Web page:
Implementations of the invention may include one or more of the following features. The method can include combining the received search terms and the associated synonyms, if any, with the search criteria and the subject matter terms, if any. Combining can comprise associating the terms and the criteria through Boolean logic to form a search string. The method can also include analyzing the search string in association with characteristics of a searchable database to determine a URL associated with the searchable database corresponding to the search string.
 Further implementations of the invention may include one or more of the following features. The categories can include a patient problem, intervention/treatment, comparison, and outcome. The at least one relevant subject matter can include clinical area and clinical issue. The method can further include prompting for selection of a desired search breadth. The method can include prompting for selection of a patient age limit as well.
 Embodiments of the invention may provide one or more of the following advantages compared to earlier methods. The invention provides an intelligible method of searching databases with greater efficiency and ease. For example, a searchable database of substantial medical articles exists and is called MEDLINE/PubMed, which employs a search engine to conduct a search and recover documents that correspond to those requested by a searcher. The searcher uses a tutorial to understand Boolean operators or must know the MeSH (Medical Subject Headings) vocabulary, the specific language used by the National Library of Medicine to catalog articles, in order to construct an effective search. In some circumstances, if the search criteria are made broad, the search engine will often produce thousands of “hits”, many of which are of no interest to the searcher. If the criteria are made too narrow, there is a risk that relevant documents will be missed. In the medical field, this is of particular importance, as evidence-based clinical decision making is directly related to the presence of and access to all relevant clinical information and literature, often in the form of evidence collected from randomized controlled trials. Often, it is up to the user of the search engine to know the most up-to-date terms and language in order to achieve the maximum return on the applicable search, or recent clinical information may be overlooked. The method allows an inexperienced search operator to conduct sophisticated searches to yield highly useful and relevant publications pertaining to the target field of interest with ease, avoiding the necessities of searching MEDLINE as described.
FIG. 1 is a simplified block diagram of a computer system for implementing portions of the invention;
FIG. 2 illustrates a diagram of the web interface used in portions of the invention;
FIG. 3 illustrates a flow chart depicting the search method based on one embodiment of the present invention;
FIG. 4 illustrates a flow chart depicting the search engine of an embodiment of the present invention; and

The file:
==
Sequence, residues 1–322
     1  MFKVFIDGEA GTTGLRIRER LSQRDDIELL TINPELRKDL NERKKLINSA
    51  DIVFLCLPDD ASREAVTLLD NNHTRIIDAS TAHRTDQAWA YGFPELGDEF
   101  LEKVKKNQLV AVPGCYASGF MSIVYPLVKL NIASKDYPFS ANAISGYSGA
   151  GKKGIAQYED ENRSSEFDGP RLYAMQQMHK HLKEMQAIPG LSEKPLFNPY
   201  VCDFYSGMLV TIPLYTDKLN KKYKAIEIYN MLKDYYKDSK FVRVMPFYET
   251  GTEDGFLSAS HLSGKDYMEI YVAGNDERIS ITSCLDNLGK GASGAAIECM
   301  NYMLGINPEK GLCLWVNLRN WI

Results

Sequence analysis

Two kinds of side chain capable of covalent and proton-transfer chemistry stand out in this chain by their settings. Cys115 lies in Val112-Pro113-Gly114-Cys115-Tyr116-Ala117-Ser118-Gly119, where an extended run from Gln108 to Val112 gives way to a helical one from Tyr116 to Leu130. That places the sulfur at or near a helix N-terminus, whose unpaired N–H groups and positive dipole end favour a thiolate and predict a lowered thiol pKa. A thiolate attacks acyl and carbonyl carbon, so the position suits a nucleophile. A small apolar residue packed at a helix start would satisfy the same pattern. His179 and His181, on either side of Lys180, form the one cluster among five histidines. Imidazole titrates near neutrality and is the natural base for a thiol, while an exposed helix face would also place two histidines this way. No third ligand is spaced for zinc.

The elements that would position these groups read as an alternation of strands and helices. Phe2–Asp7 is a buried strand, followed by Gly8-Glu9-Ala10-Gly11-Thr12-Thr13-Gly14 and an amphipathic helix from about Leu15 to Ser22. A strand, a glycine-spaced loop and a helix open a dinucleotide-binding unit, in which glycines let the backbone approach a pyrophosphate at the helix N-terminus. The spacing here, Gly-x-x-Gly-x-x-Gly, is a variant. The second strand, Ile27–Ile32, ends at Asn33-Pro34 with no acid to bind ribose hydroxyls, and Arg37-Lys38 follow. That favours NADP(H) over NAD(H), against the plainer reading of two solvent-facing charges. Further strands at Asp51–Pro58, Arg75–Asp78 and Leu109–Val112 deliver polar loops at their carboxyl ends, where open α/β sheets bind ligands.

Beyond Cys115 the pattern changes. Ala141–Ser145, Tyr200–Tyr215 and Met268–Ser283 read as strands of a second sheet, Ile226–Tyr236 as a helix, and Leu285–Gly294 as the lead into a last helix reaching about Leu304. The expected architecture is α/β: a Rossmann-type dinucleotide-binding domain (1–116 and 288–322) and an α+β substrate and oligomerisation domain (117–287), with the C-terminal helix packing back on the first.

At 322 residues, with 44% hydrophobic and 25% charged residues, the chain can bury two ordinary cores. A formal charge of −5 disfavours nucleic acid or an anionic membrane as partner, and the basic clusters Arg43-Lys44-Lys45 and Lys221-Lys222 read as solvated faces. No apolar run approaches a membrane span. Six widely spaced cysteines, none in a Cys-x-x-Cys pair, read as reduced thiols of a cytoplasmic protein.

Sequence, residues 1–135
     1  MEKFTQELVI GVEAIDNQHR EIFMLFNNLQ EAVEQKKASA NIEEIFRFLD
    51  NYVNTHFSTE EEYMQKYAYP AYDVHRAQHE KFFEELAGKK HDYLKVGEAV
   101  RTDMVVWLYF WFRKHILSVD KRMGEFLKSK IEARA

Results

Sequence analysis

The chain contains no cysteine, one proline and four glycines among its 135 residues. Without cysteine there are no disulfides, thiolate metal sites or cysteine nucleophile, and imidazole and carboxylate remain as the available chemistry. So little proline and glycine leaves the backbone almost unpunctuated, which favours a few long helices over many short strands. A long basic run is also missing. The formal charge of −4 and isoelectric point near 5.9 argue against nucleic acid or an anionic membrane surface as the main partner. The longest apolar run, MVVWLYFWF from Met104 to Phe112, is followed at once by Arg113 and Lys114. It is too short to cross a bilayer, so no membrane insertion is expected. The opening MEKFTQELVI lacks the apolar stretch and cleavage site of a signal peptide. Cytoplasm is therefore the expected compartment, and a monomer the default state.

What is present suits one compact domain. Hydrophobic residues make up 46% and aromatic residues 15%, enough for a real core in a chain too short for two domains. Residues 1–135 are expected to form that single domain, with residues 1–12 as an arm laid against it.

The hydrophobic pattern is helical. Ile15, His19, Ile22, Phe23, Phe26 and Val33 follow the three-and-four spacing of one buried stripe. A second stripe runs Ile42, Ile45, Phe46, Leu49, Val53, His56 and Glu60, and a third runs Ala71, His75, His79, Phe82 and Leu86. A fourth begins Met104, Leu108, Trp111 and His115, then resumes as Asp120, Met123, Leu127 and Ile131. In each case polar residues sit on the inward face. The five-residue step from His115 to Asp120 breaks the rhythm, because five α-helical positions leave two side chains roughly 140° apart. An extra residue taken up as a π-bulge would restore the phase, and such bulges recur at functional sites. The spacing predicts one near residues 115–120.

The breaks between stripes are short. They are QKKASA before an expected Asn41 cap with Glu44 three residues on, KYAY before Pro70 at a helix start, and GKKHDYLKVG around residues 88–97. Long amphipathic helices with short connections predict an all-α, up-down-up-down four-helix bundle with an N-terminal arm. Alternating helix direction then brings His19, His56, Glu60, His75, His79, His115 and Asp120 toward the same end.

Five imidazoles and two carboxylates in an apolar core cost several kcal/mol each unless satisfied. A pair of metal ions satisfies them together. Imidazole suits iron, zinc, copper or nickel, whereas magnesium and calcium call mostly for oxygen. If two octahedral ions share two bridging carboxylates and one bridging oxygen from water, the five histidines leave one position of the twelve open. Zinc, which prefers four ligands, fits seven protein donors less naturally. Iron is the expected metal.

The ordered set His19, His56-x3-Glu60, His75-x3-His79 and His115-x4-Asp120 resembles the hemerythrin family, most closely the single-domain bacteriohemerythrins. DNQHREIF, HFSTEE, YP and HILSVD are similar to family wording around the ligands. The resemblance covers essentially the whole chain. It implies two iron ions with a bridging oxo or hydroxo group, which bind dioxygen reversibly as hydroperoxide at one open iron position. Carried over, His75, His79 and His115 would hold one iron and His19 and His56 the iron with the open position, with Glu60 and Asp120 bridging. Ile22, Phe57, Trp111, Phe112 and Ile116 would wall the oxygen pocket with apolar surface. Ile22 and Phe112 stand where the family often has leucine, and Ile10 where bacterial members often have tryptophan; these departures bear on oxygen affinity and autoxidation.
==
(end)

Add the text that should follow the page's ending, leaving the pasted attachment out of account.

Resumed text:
FIG. 5 illustrates a flow chart depicting the search engine of an embodiment of the present invention.
 The invention utilizes a search engine that searches a database of clinical dental information and, specifically, randomized controlled trials (RCT). The invention can also be used for other forms of searches such as in searching databases containing information other than that in the medical arena. Still other embodiments are within the scope of the invention.
 Referring to FIG. 1, a computer system 10 (e.g., a server) includes a processor 12, memory 14, disk drives 16, a display 18, a keyboard 20, a mouse 22, and an interface 24. The processor can be a personal computer central processing unit (CPU). The memory 14 includes random access memory (RAM) and/or read-only memory (ROM). The disk drives 16 include a hard-disk drive and can include floppy disk drives, a CD-ROM drive, DVD drives and/or a zip drive. The display 18 is configured to provide visual indicia of data entered into the computer or processed by the processor 12. The keyboard 20 and mouse 22 are configured for data entry and manipulation. Other data entry and/or data manipulation devices may be included. The interface 24 is configured to transfer data to and from the computer 10 and a network, and/or to and from any other desired device, that may contain a database, that is properly connected to the interface 24 (e.g., through a Local Area Network (LAN) or a Wide Area Network (WAN)). Other configurations of the computer 10 are possible, e.g., without the mouse 22, and/or including a touch-sensitive cursor control, etc. The components 12, 14, 16, 18, 20, 22 and 24 are connected by a bus.
 When used in a LAN networking environment, a personal computer 10 is connected to the LAN through a network interface 24. When used in a WAN networking environment, the personal computer 10 typically includes a modem or other means for establishing communications over the WAN, such as the Internet. The modem, which may be internal or external, is connected to the system bus via a serial port interface 24. In a networked environment, program modules depicted relative to the personal computer 10, or portions thereof, may be stored in the remote memory storage device. The network connections shown are exemplary and other means of establishing a communications link may be used.